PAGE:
THE FUTURE OF DEMOCRACY MAY LIE IN LINKING LIBRARIES WITH COMMUNITY NETWORKS
Democratic theorist Robert Dahl believes that citizens' ability to place their concerns on the public agenda is a cornerstone of democracy. With the Internet, inexpensive two-way communication is possible; potentially, everybody can become a producer as well as a consumer of information.
By providing free access to the world of ideas, public libraries are also at the foundation of a democratic society. In recent years, however, some people have begun to view the public library as an anachronism, an industrial-age institution in a post-industrial world. The reasons why some seem to doubt the relevancy of their libraries are political in nature - among them the apparent scarcity of public funds and taxpayers' free-floating distaste for anything governmental. Other detractors cite the increasing digitization of information and public librarians' outmoded role as peripheral, stodgy keepers and lenders of books.
Yet, public libraries have a natural partner in today's push to preserve a public sector in cyberspace: community networks. Now numbering in the thousands, free-nets, civic-nets, and other types of community networks owe their operational and philosophical orientation in large part to the public library model. Similar impulses sparked the imagination of the originators of both institutions: wishes for a democratic public institution that addresses the centrality of information access and communication to modern life.
Traditionally, libraries have primarily supported one-way information transfer, from writer to reader. (Two exceptions are library meeting rooms and various means of support for authors.) Yet, as a defender and upholder of democratic principles, the public library is the heir apparent to the role of defender of a dynamic Dahlesque public space in cyberspace.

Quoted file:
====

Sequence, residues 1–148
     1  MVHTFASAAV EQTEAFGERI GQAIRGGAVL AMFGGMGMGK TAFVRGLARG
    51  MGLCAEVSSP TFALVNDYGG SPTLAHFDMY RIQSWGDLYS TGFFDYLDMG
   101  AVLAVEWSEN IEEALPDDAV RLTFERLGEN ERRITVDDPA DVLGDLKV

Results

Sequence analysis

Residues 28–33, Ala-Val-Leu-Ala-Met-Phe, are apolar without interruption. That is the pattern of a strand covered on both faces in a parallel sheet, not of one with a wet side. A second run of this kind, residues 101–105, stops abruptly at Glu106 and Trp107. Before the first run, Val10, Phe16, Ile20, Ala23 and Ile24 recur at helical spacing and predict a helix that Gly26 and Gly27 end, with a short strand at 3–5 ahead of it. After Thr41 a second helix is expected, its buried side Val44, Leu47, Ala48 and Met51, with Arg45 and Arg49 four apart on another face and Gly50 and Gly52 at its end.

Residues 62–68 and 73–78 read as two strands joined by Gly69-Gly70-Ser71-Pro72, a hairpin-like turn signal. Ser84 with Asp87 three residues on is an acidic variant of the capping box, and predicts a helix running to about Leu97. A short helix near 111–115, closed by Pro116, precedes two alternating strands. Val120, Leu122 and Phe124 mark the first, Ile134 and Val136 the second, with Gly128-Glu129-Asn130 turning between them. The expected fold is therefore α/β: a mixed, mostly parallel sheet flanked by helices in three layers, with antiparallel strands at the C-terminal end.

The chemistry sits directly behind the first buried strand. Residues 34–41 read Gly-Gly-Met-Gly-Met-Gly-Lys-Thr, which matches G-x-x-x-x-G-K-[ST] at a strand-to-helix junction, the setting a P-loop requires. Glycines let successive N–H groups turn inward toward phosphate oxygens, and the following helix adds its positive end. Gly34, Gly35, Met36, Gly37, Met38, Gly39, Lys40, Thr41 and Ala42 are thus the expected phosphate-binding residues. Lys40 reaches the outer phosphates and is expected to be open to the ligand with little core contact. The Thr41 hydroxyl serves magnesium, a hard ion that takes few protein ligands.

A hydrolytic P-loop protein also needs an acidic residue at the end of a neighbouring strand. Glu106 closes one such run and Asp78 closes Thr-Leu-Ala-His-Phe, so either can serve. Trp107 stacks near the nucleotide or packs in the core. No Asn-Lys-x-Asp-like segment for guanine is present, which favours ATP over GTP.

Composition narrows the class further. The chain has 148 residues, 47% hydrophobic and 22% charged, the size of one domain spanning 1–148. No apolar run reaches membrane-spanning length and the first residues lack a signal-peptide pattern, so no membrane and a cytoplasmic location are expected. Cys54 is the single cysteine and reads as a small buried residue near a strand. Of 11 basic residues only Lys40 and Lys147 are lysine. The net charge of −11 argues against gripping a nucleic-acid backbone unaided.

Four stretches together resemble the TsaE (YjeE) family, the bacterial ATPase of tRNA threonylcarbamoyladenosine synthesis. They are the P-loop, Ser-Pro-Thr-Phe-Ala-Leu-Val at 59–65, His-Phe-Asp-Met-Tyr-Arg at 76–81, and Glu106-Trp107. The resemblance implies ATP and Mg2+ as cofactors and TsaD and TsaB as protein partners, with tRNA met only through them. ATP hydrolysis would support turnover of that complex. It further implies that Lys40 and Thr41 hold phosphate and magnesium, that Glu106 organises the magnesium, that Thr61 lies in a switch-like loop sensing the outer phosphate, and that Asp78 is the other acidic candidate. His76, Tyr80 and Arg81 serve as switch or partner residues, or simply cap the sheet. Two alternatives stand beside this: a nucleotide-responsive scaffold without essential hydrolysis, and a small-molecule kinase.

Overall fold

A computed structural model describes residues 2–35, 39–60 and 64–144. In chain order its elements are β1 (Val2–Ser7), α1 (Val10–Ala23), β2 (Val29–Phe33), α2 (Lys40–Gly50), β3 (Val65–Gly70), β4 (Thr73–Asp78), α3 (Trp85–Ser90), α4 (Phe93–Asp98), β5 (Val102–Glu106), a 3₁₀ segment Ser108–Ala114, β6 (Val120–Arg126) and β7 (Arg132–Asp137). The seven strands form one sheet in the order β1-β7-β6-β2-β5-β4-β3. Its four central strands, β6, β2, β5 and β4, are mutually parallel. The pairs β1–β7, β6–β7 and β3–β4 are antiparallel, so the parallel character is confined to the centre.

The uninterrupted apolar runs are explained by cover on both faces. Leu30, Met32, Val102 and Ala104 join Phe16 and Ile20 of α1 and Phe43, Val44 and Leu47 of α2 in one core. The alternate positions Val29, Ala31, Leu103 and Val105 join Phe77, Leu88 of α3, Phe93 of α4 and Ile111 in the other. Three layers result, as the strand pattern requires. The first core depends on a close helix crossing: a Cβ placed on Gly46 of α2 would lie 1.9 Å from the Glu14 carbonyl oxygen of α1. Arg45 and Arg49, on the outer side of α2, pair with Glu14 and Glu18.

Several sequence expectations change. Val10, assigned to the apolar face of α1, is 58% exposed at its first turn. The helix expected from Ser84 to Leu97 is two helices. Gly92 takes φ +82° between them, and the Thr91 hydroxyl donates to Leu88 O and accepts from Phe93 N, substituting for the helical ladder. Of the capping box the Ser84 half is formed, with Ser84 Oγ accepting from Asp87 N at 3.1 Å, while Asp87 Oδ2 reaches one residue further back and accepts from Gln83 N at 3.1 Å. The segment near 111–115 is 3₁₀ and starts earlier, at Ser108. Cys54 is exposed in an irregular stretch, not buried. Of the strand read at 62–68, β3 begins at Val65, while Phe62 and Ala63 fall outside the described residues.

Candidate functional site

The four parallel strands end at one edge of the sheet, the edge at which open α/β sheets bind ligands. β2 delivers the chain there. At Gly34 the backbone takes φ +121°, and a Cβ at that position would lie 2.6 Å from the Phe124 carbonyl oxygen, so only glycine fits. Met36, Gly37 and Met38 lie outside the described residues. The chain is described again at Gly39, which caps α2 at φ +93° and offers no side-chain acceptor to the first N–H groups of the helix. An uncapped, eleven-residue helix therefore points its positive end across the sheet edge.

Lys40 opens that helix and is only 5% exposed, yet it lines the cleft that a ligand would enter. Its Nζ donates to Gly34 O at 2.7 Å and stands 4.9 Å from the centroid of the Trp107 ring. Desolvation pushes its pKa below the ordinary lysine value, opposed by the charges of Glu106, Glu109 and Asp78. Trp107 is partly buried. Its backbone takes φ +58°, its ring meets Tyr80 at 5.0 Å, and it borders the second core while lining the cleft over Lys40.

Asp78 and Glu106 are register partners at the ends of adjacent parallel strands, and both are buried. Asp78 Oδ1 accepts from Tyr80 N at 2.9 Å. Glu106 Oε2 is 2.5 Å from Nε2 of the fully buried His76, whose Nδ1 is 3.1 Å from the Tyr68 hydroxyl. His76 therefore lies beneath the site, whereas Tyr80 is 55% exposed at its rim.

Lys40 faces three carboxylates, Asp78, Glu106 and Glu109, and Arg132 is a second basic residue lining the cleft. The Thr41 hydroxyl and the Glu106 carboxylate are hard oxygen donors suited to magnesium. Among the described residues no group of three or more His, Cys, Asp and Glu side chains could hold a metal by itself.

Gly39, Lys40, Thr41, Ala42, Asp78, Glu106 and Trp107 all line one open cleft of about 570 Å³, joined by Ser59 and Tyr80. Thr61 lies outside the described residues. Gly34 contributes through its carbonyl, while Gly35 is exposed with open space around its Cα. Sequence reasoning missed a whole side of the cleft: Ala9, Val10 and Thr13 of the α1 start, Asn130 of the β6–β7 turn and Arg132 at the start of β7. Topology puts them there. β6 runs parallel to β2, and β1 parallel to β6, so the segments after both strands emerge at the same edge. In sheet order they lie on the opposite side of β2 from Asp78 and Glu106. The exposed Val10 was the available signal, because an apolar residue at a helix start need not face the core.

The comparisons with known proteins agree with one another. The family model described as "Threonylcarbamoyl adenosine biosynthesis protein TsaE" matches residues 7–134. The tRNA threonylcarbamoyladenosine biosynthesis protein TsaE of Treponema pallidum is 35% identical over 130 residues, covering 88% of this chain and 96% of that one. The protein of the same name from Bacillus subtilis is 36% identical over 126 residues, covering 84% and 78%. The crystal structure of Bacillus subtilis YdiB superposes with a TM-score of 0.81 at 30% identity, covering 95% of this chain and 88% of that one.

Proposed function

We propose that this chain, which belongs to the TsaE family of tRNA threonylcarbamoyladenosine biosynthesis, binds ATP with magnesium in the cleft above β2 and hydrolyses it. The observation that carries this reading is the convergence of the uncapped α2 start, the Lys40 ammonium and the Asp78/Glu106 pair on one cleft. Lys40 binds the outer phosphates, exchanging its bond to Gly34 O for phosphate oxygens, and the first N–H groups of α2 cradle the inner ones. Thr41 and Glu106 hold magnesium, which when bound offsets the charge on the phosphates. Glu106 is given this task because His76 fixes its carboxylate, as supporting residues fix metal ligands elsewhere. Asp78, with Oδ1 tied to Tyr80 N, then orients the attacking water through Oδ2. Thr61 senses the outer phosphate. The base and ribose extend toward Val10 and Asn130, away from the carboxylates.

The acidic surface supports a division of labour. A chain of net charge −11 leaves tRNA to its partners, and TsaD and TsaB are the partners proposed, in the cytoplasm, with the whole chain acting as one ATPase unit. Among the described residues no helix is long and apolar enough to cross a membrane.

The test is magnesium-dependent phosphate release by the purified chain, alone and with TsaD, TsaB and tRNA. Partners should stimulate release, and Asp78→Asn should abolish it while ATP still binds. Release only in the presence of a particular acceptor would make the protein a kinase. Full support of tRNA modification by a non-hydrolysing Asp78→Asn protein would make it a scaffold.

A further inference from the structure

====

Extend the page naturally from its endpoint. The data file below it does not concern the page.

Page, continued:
While the need for new public space - inside and outside of cyberspace - is critical, the window of opportunity for creating new virtual town squares may prove narrow and elusive. For one thing, the commercialization of the Internet is proceeding at a disturbingly rapid pace, with for-profits' Web presence rising from 1.5% two years ago to some 70% today. Waiting on the sidelines for things to "settle down" or for an appropriate activist cyber-role to spontaneously appear is a risky strategy; such a course would leave public libraries at the mercy of others, and probably increase their marginalization.
Though public libraries were created when print was the only nonface-to-face communication medium, it certainly followed that public libraries would incorporate other emerging media, given the institution's underlying mission. Indeed, public librarians are pushing forward in a thousand creative directions, especially in regard to the Internet. For instance, Seattle Public Library has helped the Seattle Community Network (www.scn.org/ip/commnet/principles.html) in many ways, providing dial-up access, housing its computers, and distributing its brochures.
Community networks, in turn, typically offer free training, e-mail, and Web space to local organizations, small businesses, and individuals. In many cases, network organizers double as community activists, especially as advocates for public access to information and electronic resources. Community networks help focus attention on local assets and needs, and can provide an orienting function by aggregating information and communication resources into clear and easy-to-use services.
But the ultimate success of community networks is uncertain. Admittedly, community networkers are relative newcomers on the scene. They are usually amateurs with little experience in running public institutions, developing public policies, or understanding political realities. Volunteers currently perform most of the chores, and organizers are frustrated in their search for sustainable funding models. …